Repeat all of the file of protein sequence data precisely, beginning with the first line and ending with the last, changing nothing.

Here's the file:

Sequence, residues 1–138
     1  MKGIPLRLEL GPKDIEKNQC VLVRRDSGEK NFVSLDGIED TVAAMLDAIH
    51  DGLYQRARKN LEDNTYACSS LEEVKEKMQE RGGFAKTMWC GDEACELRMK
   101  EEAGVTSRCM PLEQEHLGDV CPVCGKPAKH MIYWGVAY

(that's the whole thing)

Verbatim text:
Sequence, residues 1–138
     1  MKGIPLRLEL GPKDIEKNQC VLVRRDSGEK NFVSLDGIED TVAAMLDAIH
    51  DGLYQRARKN LEDNTYACSS LEEVKEKMQE RGGFAKTMWC GDEACELRMK
   101  EEAGVTSRCM PLEQEHLGDV CPVCGKPAKH MIYWGVAY